First Annual Butler County EMS Cardiac Arrest Survivor Banquet

The Point Events Center in Augusta was filled Thursday night with people who are fortunate to be alive today and those who helped save them.  The First Annual Butler County EMS Cardiac Arrest Survivors Banquet.
The event gives victims of cardiac arrest the opportunity meet and thank the first responders that helped save their life.
It’s an emotional reunion for everyone involved.
Host for the evening, Stuart Funk, EMT-P, Public Outreach/Education Director with Butler County EMS, shared that Butler EMS responded to 6,649 calls last year, with 105 being out of hospital cardiac arrests.
“We treated 80 of the patients, with 34 receiving CPR,” Funk said.
In several of the cases, immediate CPR was administered by a spouse or relative at the scene before the arrival of emergency crews.  The 911 dispatcher is many times responsible for bringing calmness to the situation and talking a person through the steps of CPR.
Eight cardiac arrest survivors were recognized, along with all the emergency personnel who were involved in the positive outcomes.
Funk stated, “Our teams tonight celebrate life and second chances.  Thank youy for being helpers and Thank you for being heroes.”
Three survivors stories were shared, along with the emotional 911 calls.
Survivor Day Radebaugh of El Dorado explained that he had been working outside on Aug. 20, 2018, a hot, humid day, when he began to feel ill and experienced cardiac arrest.
His wife Terry called 911 immediately and was instructed on CPR by the 911 dispatcher.  The 911 call revealed that the deputy and Terry took turns performing CPR waiting on the EMS crew to arrive.
“It was all seamless - from the  911 call to the moment the Sheriffi’s officer arrived, then EMS, and the care from the hospital was wonderful.  It was smooth and seemed carefully choreographed,” Terry advised.
Day asked, “Do you know how amazing that is?
His wife agreed, “After the deputy arrived, the whole calvary arrived!  People were everywhere and they were all trained in how to handle it.”
Michelle Forsberg survived cardiac arrest on Nov. 14 and her husband Shawn can take some credit for assisting.  Already trained in CPR, he was able to do chest compressions before emergency personnel arrived.
Michelle doesn’t remember much from that evening, but does know that she wasn’t feeling “right.”
“I feel great and went back to work in January.  Cardiac rehab has helped me get my confidence back,” she continued, “I’m more conscious of being grateful...I never would have thought that I would have a heart attack.  I probably ignored a lot before...I am thankful.”
Marc Chace suffered a cardiac arrest on Feb. 13, the day before Valentine’s Day last year.   He explained that he had been aware of a cholesterol problem and had been exercising more and had been working outside when he was suddenly on the ground.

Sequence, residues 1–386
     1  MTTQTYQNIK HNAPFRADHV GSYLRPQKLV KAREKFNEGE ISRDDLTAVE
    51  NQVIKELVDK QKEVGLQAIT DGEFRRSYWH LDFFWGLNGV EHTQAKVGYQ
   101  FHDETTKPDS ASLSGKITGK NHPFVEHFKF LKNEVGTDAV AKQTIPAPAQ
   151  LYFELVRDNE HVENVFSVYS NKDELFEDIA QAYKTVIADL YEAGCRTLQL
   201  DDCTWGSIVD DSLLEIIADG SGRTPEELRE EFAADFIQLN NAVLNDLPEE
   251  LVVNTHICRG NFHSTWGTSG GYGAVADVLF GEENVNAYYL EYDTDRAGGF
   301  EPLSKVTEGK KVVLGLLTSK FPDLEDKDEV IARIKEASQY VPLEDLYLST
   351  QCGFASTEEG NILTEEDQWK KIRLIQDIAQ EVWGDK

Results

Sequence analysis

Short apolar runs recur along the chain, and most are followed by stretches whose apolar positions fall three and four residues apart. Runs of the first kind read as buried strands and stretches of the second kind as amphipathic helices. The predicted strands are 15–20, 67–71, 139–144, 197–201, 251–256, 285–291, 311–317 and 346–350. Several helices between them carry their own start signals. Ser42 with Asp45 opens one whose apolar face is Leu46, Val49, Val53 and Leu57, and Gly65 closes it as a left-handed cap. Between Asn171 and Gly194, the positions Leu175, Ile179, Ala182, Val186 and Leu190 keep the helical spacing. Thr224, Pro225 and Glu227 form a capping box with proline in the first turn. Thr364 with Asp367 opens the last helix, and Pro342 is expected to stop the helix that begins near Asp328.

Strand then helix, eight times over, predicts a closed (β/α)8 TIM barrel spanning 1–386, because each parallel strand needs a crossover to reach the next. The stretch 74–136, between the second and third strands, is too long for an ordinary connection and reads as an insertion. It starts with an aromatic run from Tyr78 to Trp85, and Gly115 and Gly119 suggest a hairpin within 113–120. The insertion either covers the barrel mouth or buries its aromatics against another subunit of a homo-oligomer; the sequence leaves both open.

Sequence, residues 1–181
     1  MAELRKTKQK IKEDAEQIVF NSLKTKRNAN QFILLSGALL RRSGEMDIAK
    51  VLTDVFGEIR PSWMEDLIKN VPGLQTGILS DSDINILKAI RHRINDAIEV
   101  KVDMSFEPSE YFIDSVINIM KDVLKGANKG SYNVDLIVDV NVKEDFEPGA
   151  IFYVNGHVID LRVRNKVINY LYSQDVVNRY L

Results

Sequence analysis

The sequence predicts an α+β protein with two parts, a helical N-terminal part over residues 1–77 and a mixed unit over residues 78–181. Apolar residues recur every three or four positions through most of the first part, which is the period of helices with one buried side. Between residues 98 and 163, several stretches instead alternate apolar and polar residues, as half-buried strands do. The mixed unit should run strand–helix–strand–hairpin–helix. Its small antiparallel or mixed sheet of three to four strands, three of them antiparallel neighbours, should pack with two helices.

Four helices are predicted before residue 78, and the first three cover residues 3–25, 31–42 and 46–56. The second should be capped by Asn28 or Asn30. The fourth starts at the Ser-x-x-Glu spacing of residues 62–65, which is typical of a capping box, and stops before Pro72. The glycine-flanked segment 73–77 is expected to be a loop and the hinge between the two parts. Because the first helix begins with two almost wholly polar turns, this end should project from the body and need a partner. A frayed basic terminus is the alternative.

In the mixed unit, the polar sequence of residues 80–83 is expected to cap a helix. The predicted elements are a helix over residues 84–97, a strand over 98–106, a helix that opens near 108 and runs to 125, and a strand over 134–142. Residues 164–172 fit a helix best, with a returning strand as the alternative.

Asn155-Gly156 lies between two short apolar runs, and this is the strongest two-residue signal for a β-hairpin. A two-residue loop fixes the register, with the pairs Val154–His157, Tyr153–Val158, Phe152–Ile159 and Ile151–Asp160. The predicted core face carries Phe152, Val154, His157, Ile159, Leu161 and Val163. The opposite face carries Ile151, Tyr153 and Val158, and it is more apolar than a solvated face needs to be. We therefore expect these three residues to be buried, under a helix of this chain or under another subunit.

His wife Terry didn’t know CPR, but  a calm 911 dispatcher on duty was able to lead her through the compressions successfully.  
“I believe that God put those talented 911 and EMS people there. My life and the life we had together was saved.  Thank you,” Marc said.
Outgoing Butler County EMS Director Chad Pore spoke briefly.
“You’re alive and that’s the reason we’re here and to honor those who chose their profession...Responding to 911 calls is not an easy job.  It’s highly stressful, the situation can be unsafe and it can be chaos, but you bring the calmness.”
Pore explained that about four or five years ago that quick, early effective CPR saves lives and that would become the focus - to make sure patients walk out the hospital.
“Get CPR started quickly, having 911 dispatchers who recognize the situation and get someone standing by to administer CPR.  By standers are key and first responders are key.”
Butler County Commissioner Marc Murphy assisted in giving out awards and the special Bradley Brown Lifesaving Award went to Paramedic Clayton Neufeld.
The award is given each year in memory of former Butler County EMS paramedic Bradley Brown, who died in 2009.
Brown’s mother, sister and brothers were present Thursday night.
All the survivor stories reflected the importance of CPR administered before medical help arrived.
The life-giving skill can be learned quickly and is offered by a number of agencies. It's something that can be practiced at anywhere at anytime. In fact, once you learn that skill, you can even train your loved ones without having to take them to an event. You can Google it. YouTube it. It’s an invaluable skill for everyone.